In some cases, just becoming aware of a limiting belief is sufficient to let it go. You realize how irrational it is, you have a good laugh about it, and you’re free from it forever.

In other cases, a limiting belief might be a legitimate concern that you have to address. Let’s do that on the example above.

Cultivating Empowering Beliefs

“If I lose my motivation because of my high net worth, that means that I’m mainly motivated by money to work.

“In that case, I’d take my time to find another way to produce value where I have other motivations than just making a living.

“That way, I’d keep working and earning money, so that I can still make a living even if I lose my entire net worth.

“I’d invest time and effort in my financial education so that I can maintain a diversified portfolio to preserve my wealth.

“I’d exercise financial discipline not to get too deep into ‘the good life.’ That would also keep me under the radar of ‘business opportunities,’ donation requests, and criminal activities.”

Mental Cleaning

You need to do that kind of “mental cleaning,” so that you don’t have internal barriers to achieve your goals. If you need to learn how to overcome external obstacles, you can read yesterday’s post.

If you aren’t ready for what you want, you might blow it off quickly. A typical example is the lottery winners who lose their winnings in a few years.

Sure, financial illiteracy is one of the reasons for their “misfortune,” but that type of extra money is also out of their comfort zone. As a result, they find ways of blowing it all off in a year or two.

Get Ready for Your Goals

To avoid blowing it off once you reach your goals, you need to get ready for them. One way to do that is to imagine that you have already achieved them. Let all the feelings come up and stay with those emotions.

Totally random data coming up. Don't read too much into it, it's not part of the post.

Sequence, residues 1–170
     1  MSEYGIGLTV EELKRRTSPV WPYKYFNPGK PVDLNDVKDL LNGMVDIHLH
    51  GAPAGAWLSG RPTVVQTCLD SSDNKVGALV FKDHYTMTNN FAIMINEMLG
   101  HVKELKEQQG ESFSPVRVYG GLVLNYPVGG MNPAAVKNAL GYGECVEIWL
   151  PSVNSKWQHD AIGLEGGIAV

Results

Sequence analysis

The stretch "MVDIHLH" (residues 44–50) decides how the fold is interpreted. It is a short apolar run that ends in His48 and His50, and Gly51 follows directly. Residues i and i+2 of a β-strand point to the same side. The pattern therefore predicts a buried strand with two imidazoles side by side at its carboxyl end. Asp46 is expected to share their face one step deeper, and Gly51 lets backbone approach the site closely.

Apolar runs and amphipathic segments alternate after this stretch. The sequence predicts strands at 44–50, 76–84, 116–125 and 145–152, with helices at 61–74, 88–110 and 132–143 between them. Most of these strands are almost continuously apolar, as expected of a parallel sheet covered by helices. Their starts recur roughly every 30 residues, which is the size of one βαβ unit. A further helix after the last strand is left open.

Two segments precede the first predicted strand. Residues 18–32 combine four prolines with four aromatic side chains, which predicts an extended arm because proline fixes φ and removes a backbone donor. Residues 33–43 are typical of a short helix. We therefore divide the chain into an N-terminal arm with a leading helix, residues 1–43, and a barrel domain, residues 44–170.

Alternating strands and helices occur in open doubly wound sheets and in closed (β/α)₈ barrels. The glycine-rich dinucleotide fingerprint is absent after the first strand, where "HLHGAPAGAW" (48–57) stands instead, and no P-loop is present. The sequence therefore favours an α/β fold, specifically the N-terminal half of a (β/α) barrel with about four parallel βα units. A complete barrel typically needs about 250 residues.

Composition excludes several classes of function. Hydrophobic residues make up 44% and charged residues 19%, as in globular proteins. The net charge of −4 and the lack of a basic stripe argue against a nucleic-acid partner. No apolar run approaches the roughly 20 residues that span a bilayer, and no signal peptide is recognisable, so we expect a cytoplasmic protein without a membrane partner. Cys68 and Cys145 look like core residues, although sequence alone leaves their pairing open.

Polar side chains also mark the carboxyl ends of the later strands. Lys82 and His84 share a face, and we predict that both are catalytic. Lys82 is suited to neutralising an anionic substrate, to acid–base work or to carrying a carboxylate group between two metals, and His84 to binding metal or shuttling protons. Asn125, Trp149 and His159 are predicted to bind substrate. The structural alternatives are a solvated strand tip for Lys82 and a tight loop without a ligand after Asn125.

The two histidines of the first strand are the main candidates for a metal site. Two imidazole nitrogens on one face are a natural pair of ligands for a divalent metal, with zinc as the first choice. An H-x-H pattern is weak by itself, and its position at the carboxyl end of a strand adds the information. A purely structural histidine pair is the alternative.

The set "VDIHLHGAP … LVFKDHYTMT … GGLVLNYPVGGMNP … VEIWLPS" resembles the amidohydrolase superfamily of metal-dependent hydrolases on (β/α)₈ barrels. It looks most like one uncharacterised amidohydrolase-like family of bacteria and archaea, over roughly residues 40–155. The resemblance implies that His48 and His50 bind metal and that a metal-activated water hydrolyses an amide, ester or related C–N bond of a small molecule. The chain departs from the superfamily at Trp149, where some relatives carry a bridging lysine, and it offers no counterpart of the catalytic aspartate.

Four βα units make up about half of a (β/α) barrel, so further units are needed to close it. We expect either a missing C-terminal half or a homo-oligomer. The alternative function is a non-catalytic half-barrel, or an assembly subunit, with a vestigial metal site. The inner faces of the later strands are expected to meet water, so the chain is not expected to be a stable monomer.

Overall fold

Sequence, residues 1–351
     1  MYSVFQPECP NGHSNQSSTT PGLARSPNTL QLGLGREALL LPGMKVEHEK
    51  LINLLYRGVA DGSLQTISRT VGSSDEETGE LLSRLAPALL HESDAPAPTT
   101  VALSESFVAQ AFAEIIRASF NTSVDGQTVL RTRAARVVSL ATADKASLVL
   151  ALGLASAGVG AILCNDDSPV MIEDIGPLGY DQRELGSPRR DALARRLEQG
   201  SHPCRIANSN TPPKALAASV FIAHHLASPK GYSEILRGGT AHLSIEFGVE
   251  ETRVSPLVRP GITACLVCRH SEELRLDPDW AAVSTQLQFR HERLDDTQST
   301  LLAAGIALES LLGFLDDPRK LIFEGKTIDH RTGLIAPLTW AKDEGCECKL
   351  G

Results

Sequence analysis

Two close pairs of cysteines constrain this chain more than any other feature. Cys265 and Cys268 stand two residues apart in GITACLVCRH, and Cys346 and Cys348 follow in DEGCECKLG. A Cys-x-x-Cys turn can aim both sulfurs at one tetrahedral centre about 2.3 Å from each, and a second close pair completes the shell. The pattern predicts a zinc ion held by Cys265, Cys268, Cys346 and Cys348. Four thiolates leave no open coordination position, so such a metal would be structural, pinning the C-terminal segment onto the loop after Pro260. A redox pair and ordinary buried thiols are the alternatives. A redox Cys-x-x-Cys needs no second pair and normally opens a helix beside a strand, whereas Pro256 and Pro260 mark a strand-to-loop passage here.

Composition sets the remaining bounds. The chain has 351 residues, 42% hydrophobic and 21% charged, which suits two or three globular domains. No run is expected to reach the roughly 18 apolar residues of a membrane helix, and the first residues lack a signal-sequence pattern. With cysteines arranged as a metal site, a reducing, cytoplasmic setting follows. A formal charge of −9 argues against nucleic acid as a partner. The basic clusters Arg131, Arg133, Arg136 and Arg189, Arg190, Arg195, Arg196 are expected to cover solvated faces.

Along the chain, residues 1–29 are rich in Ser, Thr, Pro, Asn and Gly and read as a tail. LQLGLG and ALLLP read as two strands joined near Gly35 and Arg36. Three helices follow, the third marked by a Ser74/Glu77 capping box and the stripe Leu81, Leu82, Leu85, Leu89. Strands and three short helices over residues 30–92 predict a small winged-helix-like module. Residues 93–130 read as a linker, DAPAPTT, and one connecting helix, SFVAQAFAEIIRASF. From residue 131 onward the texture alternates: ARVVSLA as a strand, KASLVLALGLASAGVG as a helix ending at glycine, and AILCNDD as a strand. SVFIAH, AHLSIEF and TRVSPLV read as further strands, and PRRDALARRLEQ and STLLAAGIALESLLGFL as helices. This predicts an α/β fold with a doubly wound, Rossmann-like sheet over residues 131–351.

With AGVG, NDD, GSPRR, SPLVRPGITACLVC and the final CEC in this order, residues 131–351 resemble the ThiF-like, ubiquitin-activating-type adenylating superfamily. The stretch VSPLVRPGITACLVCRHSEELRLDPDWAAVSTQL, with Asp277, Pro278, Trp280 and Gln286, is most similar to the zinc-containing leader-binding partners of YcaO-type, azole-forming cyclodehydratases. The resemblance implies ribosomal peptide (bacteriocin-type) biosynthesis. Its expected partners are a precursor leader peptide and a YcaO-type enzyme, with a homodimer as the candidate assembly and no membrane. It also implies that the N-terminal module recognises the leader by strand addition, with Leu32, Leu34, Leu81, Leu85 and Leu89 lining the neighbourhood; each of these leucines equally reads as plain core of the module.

With that imagination exercise, you’ll make what’s unfamiliar, familiar. Those experiences and conditions won’t be that much out of your comfort zone. You’ll feel at home once you experience those conditions in your reality.

Applications in Different Areas of Your Life

The example in this post was about finances, but the same exercise can be applied to different areas of your life such as relationships, weight loss, and so on.

On a conscious level, you might be desiring a relationship, but on an unconscious level, you might not want to give up your freedom.

On a conscious level, you might want to lose weight, but on an unconscious level, you might be afraid of receiving too much attention from the opposite sex.

Conclusion

Your comfort zone isn’t only defined by the activities that you’re afraid of or that require discipline. It’s also defined by the experiences and conditions that are unfamiliar.

On a conscious level, you might desire a particular experience or condition, but on an unconscious level, you might be afraid of it.

If you don’t become aware of those unconscious fears and address them, they might keep you from realizing your goals.

Burak Bilgin
Software developer with a Ph.D. and 15 years of experience. I write daily on personal development and life lessons. Sign up to my email newsletter to receive a weekly overview of my latest content on personal development and life lessons.